Where Bigfoot comes to B-Zine.


Issue 1

Issue 2

BNBreaking BNPJ2

What’s in a name?

An awful lot. . . and Sasquatch doesn’t cut it. It obscures its original form: Saskahaua George (pronounced Saskawah-Chotch). The Chehalis Indians told J.W. Burns that they were a tribe of wild hairy Indians ranging in height from 6 to 6 and a half feet tall. Burns’ article in MacLean’s Magazine in 1929 introduced us to “Sasquatch” with this image. After that, White Man distorted the image of the “Sasquatch.” We equated Sasquatch with every other confusing entity in Indian accounts— Dsonoqua, smyalik, wauk wauk, and Skoocoom. Yet they weren’t these handy, catchy names. They were men. With time the Indians had assimilated “George” when speaking to Brits, using it to refer to “men” in a casual sense (See article on the Chinook Trading Jargon).
     Sasquatch, the Anglicized hybrid, however, no longer implicitly contains the humanity that “Chotch” did. This has allowed us to develop the concept of Bigfoot, that denizen of California forests, as a giant Gigantopithecus wandering over all of North America. On top of this we say Sasquatch and Bigfoot are the same thing.                                        (See article page 2

Cast Cold

Resurrecting some old problems

The maker of each one of these footprints continues to be touted as “Gigantopithecus.” If all are real, something far more interesting than a primeval giant ape is on the loose.


Lingua Franca

The International Indians

There is no better way to start understanding the mind of the Pacific Northwest Indians than by grasping the evolution of the international trading language that they used. We see a complex, international group of people far ahead of many other Indian nations in America. And this helps us to understand their stories of Dsonoqua, Saskahaua Georges, and many other accounts.
   We call it Chinook Trading Jargon because it is heavily based on the Chinook Language. But it is a hybrid language. Many think it some pidgin language that Whites introduced, but it was in fact long in use before Whites arrived. This is seen by how much Cree is also in the Jargon.
     The Pacific Northwest Indians actually represent many nations and each had its own language. Each Indian would speak to his fellow tribesman in their native language, but amongst other tribes Indians

would use a lingua franca, and this developed amongst themselves. When Whites arrived, Indians gladly added English; and since many of the interpreters were Frenchmen, there is much French in the Jargon.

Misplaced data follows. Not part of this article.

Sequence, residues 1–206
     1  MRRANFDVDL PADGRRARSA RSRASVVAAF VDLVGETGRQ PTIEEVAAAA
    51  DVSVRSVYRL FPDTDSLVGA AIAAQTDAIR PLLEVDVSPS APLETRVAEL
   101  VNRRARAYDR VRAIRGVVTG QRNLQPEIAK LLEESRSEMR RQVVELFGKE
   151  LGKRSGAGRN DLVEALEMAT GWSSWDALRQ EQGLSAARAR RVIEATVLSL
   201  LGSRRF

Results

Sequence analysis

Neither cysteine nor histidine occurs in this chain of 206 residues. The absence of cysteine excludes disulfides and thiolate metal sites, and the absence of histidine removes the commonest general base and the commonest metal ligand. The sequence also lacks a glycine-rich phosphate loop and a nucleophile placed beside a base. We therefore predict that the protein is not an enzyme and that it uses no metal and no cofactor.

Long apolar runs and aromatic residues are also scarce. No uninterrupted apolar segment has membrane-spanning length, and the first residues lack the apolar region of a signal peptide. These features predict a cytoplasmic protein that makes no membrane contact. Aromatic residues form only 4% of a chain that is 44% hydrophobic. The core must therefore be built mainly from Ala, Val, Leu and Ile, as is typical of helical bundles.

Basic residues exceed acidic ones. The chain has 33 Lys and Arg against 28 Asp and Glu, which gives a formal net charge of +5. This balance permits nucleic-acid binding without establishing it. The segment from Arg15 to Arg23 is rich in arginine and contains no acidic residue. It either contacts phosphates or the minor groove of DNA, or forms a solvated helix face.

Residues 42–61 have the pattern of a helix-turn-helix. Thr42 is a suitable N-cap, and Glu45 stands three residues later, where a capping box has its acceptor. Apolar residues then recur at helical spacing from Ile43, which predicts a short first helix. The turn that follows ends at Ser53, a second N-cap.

Whatever else you can say, the Pacific Northwest Indians were keen to do business. And since the Jargon belonged to all, there was no submission involved in constantly adapting it to the new languages coming in. Today many Whites even use words from the Jargon without knowing their origin.   Page 2 

Passing the Bukwas

bukwas1You mean that one, ape-like mask? Yes. Most Bigfooters today believe the bukwas of the Kuakiult Indians represents the “wild man of the woods.” That being said most, if not all, are sure it also reflects the existence of Bigfoot or the ape Sasquatch. But how many know the bukwas symbolism? He is to have beady eyes, high cheekbones, a dirty continence and disheveled hair. Why? Because these indeed symbolize his wild nature an his nocturnal existence.
   The “ape” bukwas mask is not so impressive when one realizes that there are indeed many more carved Indian masks of the bukwas showing a shaman_maskhuman face. Yet the features are not those of Indians or Whites, Black Africans, or Asians. They are unusual features reminiscent of reconstructions of Neanderthals based on skull morphology. Yet the bukwas it is, evident by its sallow, dirty face, beady eyes and disheveled hair. How many, however, have ever listened to the Indian’s original stories that Sasquatch men were strange, very different wild people?  

What’s in a name?

Lingua Franca

Passing the Bukwas

Reassessing Grover Krantz

Ameranthropoides Loysi.

Size Matters . . . .

Shock of the Truth


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The Bigfoot Blatt
Published: Irregularly
Editor: Gian J. Quasar


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